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New Face of Engineering

Sanna Gaspard Chosen

Sanna Gaspard

Carnegie Mellon University's Sanna Gaspard is working on a pediatric device to improve the overall health and survival rate of newborn babies — an innovative research path that was recently acknowledged when she was chosen as the 2010 Engineer's Week "New Face of Engineering."

"I was extremely excited about this accolade. I hope this award will encourage young engineers to explore the wealth of career options that exist for engineers ranging from entrepreneurship to field research," said Gaspard, a 28-year-old Ph.D. student in Carnegie Mellon's biomedical engineering program. "I also hope that this award will encourage young women to pursue careers in the transformational field of engineering."

To ensure that her pediatric technology will make it to hospitals and home nurseries where it could help infants, Gaspard founded a startup company called TLneoCare, LLC. Through TLneoCare, she is commercializing a new neonatal physiotherapy unit that is designed to soothe and improve the health of newborns.
"Gaspard is a truly dedicated biomedical engineering student with an entrepreneurial spirit committed to translating her bio-instrumentation research and development to society, where it has the potential to save lives," said Alessandro Ferrero, past president of the IEEE Instrumentation & Measurement Society and the award nominator.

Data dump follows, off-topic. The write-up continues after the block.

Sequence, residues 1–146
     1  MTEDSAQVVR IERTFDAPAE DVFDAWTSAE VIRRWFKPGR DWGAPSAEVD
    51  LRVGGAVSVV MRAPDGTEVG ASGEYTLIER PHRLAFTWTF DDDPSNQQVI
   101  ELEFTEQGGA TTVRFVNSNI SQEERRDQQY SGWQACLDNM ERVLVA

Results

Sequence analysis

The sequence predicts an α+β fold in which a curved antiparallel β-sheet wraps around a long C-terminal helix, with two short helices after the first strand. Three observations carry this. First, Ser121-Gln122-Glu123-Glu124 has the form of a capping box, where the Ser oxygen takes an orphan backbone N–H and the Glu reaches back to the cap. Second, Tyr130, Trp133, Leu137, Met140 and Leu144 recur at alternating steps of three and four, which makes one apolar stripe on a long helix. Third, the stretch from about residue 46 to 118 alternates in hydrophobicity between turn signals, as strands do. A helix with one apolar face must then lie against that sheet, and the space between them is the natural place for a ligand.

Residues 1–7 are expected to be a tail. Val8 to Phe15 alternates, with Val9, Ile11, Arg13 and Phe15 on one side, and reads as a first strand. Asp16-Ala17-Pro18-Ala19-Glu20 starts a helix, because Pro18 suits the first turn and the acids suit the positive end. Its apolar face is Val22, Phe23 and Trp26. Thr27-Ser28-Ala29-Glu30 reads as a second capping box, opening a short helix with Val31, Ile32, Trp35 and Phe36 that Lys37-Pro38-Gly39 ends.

To complete her studies at Carnegie Mellon, Gaspard is developing a diagnostic medical instrument for early pressure ulcer detection. Todd Przybycien, a professor of chemical and biomedical engineering at Carnegie Mellon and Gaspard's Ph.D. advisor, praised Gaspard's dedication.

"Sanna's unique mix of creativity, resourcefulness and drive coupled with her strong work ethic makes me think of her as the 'Energizer Bunny' of biomedical engineering — she is particularly good at knocking down obstacles in the way of her research goals," said Przybycien. "She is poised to have a great impact in the biomedical device community."
A native of the Caribbean island of St. Lucia, Gaspard initially wanted to be a neonatologist, but she was uncomfortable working in a hospital environment. Her fascination with science and a natural drive to deconstruct objects as a child led her to pursue a graduate degree in biomedical engineering at Carnegie Mellon in 2004.

Gaspard plans to graduate with her doctorate in 2010. She is a member of the IEEE's Engineering in Medicine and Biology Society, IEEE's Instrumentation and Measurement Society and she founded the award-winning Graduate Biomedical Engineering Society at Carnegie Mellon.

The new "Faces of Engineering" recognition program is sponsored by the National Engineers Week Foundation, a coalition of engineering associates, major corporations and government agencies. The program highlights the vitality, diversity and rich contributions of engineers under age 30.

Related Links: National Engineers Week Foundation  |  Biomedical Engineering  |  Graduate Biomedical Engineering Society

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